I am not dodging elections says Mwonzora.


MDC-T President Douglas Mwonzora has refuted claims that the constitutional court application filed last Tuesday is premised on dodging elections.

Recently, the MDC-T filed a court application seeking the court to compel the Zimbabwe Electoral Commission to re-do the delimitation report and stop President Emmerson Mnangangwa from announcing election dates.

Based on the defeat in the March 2022 by-elections some members of society argue that the court application was a plot to dodge elections.

Last year in March, Zimbabwe held the largest by-elections ever, after MDC-T led by Mwonzora recalled 122 councilors and 28 law makers.

Mwonzora recalled the elected officials after they had refused to recognize him as the leader of the party.

Unfortunately, the MDC-T did not win a single seat.

Mwonzora took to twitter to respond to online and offline comments suggesting that through the court challenge he wanted to stop elections.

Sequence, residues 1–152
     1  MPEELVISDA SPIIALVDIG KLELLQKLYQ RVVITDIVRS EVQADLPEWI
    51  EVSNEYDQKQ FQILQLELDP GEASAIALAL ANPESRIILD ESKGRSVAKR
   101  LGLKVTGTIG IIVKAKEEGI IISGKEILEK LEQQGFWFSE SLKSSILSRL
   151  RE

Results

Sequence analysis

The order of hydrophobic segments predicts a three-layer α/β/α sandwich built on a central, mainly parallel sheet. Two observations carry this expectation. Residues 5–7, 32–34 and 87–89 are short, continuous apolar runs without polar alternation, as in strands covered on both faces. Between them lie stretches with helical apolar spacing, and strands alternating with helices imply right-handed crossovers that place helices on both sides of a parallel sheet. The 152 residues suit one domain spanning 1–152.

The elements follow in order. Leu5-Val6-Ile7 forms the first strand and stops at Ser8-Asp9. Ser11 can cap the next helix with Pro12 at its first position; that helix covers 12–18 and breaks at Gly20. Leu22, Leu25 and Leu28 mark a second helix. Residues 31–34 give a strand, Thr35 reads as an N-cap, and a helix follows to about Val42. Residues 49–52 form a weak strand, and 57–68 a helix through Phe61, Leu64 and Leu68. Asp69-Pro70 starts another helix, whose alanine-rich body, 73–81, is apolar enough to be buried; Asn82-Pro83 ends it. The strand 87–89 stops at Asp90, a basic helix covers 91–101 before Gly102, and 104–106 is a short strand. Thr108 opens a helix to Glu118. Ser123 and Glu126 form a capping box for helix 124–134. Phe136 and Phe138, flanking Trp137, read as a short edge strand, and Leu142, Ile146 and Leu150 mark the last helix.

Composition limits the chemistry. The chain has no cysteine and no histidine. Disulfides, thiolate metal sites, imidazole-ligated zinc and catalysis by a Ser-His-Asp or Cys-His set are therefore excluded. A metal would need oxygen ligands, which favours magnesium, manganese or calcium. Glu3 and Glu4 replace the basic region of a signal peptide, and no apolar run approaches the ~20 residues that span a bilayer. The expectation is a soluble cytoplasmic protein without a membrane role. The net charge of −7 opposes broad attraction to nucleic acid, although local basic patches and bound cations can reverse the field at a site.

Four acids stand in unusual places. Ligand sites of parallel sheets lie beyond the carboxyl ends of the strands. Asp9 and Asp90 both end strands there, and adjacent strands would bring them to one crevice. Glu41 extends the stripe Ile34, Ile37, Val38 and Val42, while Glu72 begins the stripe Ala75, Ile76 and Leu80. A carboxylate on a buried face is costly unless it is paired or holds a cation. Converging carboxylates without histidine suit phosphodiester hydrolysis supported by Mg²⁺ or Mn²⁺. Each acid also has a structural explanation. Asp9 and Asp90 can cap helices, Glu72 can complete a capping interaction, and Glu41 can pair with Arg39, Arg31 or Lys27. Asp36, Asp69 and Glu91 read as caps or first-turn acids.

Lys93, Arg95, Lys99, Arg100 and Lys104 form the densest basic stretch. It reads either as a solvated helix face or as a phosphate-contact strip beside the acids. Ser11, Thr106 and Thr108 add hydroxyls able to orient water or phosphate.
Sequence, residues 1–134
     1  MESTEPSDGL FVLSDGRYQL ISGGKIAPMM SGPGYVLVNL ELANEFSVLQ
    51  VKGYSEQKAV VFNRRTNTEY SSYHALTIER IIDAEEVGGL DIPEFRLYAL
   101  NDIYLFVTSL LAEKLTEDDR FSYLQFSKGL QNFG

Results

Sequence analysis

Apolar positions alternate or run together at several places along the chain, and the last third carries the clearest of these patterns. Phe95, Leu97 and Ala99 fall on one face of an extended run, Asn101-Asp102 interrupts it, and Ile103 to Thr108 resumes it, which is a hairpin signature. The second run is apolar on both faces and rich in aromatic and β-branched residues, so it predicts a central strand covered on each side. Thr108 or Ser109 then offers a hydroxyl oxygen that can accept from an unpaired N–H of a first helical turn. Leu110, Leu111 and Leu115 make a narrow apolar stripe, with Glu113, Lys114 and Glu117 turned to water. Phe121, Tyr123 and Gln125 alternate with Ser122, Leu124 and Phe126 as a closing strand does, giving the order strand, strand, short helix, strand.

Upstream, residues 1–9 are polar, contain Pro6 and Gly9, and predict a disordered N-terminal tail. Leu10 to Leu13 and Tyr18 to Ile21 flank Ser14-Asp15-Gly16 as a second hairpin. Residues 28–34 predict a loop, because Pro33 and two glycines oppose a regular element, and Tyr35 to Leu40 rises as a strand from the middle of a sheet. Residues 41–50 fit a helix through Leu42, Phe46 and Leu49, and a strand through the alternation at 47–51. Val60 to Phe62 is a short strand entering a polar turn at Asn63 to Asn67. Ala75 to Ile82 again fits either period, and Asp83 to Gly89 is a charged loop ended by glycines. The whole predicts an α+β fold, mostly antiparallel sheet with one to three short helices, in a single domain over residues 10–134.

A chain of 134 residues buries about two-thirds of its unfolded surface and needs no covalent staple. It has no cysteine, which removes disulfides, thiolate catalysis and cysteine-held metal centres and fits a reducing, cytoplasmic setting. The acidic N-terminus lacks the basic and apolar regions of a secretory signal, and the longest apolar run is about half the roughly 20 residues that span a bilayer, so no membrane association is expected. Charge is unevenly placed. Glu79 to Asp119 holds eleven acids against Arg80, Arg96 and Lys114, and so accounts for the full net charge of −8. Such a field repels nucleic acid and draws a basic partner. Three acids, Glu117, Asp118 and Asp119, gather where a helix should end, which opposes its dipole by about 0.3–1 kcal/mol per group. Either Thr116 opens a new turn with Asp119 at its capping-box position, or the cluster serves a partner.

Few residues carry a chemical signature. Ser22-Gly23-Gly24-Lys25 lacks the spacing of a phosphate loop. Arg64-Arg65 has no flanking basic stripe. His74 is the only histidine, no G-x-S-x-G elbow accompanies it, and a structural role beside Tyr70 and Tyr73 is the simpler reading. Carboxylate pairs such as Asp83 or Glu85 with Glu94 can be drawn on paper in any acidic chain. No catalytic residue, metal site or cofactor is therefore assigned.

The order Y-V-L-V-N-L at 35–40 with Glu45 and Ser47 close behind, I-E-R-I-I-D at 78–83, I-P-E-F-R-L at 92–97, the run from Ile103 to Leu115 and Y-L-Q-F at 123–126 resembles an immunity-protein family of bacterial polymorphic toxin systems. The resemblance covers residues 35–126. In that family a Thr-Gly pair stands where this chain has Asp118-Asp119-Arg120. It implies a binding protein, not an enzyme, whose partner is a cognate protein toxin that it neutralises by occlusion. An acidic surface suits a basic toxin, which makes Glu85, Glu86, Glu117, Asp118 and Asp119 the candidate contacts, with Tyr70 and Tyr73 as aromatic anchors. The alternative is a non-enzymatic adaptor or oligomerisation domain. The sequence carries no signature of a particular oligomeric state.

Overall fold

Mwonzora’s Response

“Contrary to what some people have said, this application is not meant to avoid elections at all.

“It seeks that elections must be held using a correct and valid Delimitation Report.

“This application is in the best interests of Zimbabwe. It is in the best interests of our great nation that for once we hold truly free, fair, credible and undisputed elections.

“This will unlock unfathomable and vast fortunes for our country and its people,” said Mwonzora.

According to the constitution the delimitation exercise is every ten years.

Delimitation is the redrawing of electoral boundaries to ensure each jurisdiction has equal voting strength.

Mnangangwa gazetted the delimitation report on 20 February 2023.

MDC-T insists the delimitation report does not meet the constitutional standards and should be re-done.

Furthermore, MDC-T has questioned the formula used in the delimitation was incorrect as it did not give equal voting strength given that some constituencies were below or above the 20 per acceptable variance.

Mwonzora argued that going ahead to use the delimitation report would result in a disputed election.